Archer Pechawis

Archer Pechawis with laptop

Archer Pechawis, “still life with laptop, 2012”. Photo by Adam Steel.

Re: “We Lost an Entire Generation,” Fall 2017 issue.

To the Editors of Canadian Art,

I am not dead.

The declaration of my death in the Fall 2017 issue was my first mention, that I’m aware of, in Canadian Art, and while I am honoured to be featured in any article alongside the late René Highway, Âhasiw Maskêgon-Iskwêw, and Terry Haines, I was appalled by the poor oversight and lack of awareness of our Indigenous arts community. I am referring here to two problematic aspects of the article: my being reported as deceased in two different sections of the magazine, and having Paul Lang’s artwork BigRedDice misattributed to me.

As to being dead, I have been a practicing artist since 1984, and while I haven’t been terribly prolific in the last few years, I am still here, and still making work. This past March, I was commissioned by Flux Media Art Gallery in Victoria to create a new performance piece on the theme of personal, historical, and cultural traumas. I have a prominent online presence, which includes an artist website, a professional website, a Facebook profile, a LinkedIn profile, and a page on my distributor, Vtape’s, website. I am really, really, easy to find. A phone call would have cleared up any confusion.

I appreciate that Canadian Art reached out to me, via email, September 12th, but this mistake was first tweeted about by Canadian Art on September 6th. I would have preferred it if someone from the magazine had contacted me immediately. These things are personal, and should be responded to as such.

My brother, Maxwell Harvey Mayling, went missing last November. The RCMP have classified his disappearance as a suspected homicide, but his body has not been found. This made it especially distressing for myself and my family to be falsely declared dead. I did not wish to discuss my brother’s disappearance in this letter, but it links my family to the larger community, and the larger issues we live with, in a terrible and relevant way: like us, so many Indigenous families have lost loved ones to violence, or have otherwise had their lives irrevocably altered by colonial violence in its myriad forms. This, more than anything, underscores the need for rigour and sensitivity when researching and writing about our artists and their place in community. We have had enough conflict and trauma in our lives and our history. My family, and I personally, have definitely had enough.

As I mentioned earlier, the artwork attributed to me in this article, BigRedDice, is not mine, it is Métis artist Paul Lang’s. I created the online version of his piece; in the credits section, Paul is listed as “Concept, big red dice creator, video maker, conceptual terrorism, general troublemaking,” and my credits are, “Flash Authoring, Webmeister, conceptual mechanic, actionscript code monkey.” Article author Lindsay Nixon did attempt to contact me before publication, but couldn’t reach me. She has apologized since in a way that was personal and meaningful to me.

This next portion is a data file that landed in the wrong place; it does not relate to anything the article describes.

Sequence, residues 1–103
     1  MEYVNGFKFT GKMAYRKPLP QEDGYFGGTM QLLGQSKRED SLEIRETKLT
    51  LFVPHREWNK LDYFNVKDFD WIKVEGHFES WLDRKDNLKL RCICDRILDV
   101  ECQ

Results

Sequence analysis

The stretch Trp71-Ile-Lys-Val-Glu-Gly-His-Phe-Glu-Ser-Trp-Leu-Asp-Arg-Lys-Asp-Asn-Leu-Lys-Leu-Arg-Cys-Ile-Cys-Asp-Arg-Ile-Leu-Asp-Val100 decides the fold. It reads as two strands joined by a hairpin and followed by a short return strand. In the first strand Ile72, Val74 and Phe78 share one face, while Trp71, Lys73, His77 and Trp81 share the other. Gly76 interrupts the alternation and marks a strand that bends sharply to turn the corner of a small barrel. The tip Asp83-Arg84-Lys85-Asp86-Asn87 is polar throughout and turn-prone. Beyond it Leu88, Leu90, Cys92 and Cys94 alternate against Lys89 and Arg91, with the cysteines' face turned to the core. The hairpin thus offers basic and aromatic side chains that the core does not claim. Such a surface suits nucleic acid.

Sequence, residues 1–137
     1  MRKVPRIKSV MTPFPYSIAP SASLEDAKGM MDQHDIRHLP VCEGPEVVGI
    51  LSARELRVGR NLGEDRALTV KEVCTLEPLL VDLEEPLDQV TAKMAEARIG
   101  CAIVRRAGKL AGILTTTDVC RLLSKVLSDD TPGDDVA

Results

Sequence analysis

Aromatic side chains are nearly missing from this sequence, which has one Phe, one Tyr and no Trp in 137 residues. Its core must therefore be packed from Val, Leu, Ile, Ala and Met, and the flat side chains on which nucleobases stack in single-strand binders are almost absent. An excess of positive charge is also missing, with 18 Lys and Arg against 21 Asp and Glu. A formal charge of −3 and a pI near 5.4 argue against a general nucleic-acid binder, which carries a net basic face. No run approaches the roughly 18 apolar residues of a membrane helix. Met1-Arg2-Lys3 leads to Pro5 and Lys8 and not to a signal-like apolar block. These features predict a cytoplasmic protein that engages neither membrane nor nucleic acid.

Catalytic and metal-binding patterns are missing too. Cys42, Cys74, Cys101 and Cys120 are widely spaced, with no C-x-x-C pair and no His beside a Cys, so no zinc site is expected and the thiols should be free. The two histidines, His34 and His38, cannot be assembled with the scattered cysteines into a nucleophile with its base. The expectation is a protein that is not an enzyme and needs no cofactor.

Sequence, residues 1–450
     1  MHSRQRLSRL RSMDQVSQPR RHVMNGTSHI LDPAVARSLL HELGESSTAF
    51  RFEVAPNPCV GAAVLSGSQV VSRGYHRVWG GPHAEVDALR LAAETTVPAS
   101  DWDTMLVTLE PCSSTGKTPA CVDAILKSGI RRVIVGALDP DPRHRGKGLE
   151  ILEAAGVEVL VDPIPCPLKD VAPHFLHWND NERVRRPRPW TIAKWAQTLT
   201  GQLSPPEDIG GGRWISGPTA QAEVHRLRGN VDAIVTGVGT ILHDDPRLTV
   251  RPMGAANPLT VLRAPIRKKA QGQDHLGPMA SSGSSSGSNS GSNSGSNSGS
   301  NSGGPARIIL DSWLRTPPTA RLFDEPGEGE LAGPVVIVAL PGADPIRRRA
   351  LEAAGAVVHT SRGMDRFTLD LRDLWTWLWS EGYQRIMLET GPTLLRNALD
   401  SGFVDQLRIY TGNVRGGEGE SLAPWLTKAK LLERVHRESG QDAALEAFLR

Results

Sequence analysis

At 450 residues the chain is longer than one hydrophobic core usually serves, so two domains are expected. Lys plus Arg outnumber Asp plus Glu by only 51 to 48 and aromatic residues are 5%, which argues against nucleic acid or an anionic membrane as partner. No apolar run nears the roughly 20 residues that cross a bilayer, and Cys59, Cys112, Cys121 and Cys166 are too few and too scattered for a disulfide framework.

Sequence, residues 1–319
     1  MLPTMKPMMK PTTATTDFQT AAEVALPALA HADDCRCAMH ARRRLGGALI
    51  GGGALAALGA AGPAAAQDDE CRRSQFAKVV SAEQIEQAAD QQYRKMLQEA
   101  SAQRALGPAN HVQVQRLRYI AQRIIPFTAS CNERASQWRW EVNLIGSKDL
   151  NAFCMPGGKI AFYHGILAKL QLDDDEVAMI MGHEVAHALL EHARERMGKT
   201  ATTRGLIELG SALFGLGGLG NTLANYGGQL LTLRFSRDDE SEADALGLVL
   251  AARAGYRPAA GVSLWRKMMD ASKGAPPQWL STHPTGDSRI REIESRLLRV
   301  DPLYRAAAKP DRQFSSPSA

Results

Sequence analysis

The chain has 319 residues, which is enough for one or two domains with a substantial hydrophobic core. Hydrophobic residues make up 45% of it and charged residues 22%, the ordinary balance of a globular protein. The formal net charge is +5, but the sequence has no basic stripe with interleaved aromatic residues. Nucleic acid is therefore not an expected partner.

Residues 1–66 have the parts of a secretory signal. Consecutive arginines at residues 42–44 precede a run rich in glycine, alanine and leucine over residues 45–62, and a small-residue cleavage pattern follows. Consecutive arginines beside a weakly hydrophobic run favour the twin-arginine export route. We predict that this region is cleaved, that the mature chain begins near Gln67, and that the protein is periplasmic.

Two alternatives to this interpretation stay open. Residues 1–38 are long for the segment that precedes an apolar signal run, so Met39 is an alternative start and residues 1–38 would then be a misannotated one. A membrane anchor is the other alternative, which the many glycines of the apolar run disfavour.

It has been an incredible honour to be a part of the Indigenous arts community/movement over the last 35 years. I have had the opportunity to meet, work with, and learn from the giants who blazed the trail for us against seemingly impossible odds, combatting racism, incomprehension, and indifference to make a space for us in the larger Canadian art milieu. I have had the intense satisfaction of watching my peers achieve the some of highest levels of recognition and success, and perhaps most gratifyingly have watched new cohorts of smart young Indigenous artists pick up where we have left off. Given this history as an Indigenous artist, it is especially disturbing to be erased by a mainstream (read non- Indigenous) publication that is the “preeminent platform for journalism and criticism about art and culture in Canada.”

In future I would ask all of you to be more careful. This is our history. Many established Indigenous artists have very little writing about their early work. There is even less mainstream acknowledgement of the artists who were working on the fringes of the art world in those early days. We need rigorous writing to make sure that our art history, our work and the politics of those times survives. We need publications such as Canadian Art to understand the context within which the art was created and how that very important work prepared the ground for where we are now and how it informs the current cultural and political conversations. It is my sincere hope that some learning can happen from this situation, more attention can be paid to Indigenous artists, and these mistakes can be prevented in the future.

I appreciate Canadian Art reaching out, but I feel that as a respected, mainstream publication, this was a huge error that should never have happened. It had an impact on my family, on me personally, and as an artist. I feel unresolved, but perhaps this is the beginning of a deeper and more meaningful conversation. These things matter.

On a personal note, please be careful with our community. We have a lot going on.

Archer Pechawis

Shopping Cart
Scroll to Top